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flowers in their time, as the sturdy bushes grew thickly on the hill-side, down the valley, and among the woods that made a rich background for these pink and white bouquets arranged with Nature's own careless grace.

Emily liked this spot, and ever since she had been strong enough to reach it, loved to climb up and sit there with book and work, enjoying the lovely panorama before her. Floating mists often gave her a constant succession of pretty pictures; now a sunny glimpse of the distant lake, then the church spire peeping above the hill, or a flock of sheep feeding in the meadow, a gay procession of young pilgrims winding up the mountain, or a black cloud heavy with a coming storm, welcome because of the glorious rainbow and its shadow which would close the pageant.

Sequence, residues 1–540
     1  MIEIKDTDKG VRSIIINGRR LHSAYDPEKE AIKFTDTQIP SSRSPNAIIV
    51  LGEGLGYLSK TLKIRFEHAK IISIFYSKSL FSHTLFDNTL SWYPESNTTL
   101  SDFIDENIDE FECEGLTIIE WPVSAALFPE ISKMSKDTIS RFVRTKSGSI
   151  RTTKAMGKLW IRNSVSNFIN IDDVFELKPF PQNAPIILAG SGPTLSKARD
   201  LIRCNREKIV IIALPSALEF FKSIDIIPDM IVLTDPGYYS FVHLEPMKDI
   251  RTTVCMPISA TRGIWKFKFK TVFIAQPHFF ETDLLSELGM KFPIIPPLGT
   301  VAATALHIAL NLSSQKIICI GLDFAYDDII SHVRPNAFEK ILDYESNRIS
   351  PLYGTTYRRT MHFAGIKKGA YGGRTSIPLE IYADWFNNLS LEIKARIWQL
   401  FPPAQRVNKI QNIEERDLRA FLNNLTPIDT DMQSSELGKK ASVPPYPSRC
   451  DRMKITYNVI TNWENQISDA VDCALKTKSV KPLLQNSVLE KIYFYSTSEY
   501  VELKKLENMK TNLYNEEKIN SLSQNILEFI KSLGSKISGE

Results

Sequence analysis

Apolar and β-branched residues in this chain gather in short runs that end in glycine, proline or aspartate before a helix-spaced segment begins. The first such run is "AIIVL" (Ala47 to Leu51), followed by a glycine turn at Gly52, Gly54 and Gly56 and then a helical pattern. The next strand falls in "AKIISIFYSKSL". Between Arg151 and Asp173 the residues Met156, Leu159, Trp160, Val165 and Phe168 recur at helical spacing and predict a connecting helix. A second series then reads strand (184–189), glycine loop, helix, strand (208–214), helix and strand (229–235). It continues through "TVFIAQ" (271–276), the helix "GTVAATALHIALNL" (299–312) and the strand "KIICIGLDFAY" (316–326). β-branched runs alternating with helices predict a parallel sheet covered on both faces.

Unconsciously the girl grew to feel not only the beauty but the value of these quiet hours, to find a new peace, refreshment, and happiness, bubbling up in her heart as naturally as the brook gushed out among the mossy rocks, and went singing away through hay-fields and gardens, and by dusty roads, till it met the river and rolled on to the sea. Something dimly stirred in her, and the healing spirit that haunts such spots did its sweet ministering till the innocent soul began to see that life was not perfect with out labor as well as love, duty as well as happiness, and that true contentment came from within, not from without.

On the evening we speak of, she went to wait for Becky, who would join her as soon as the after-supper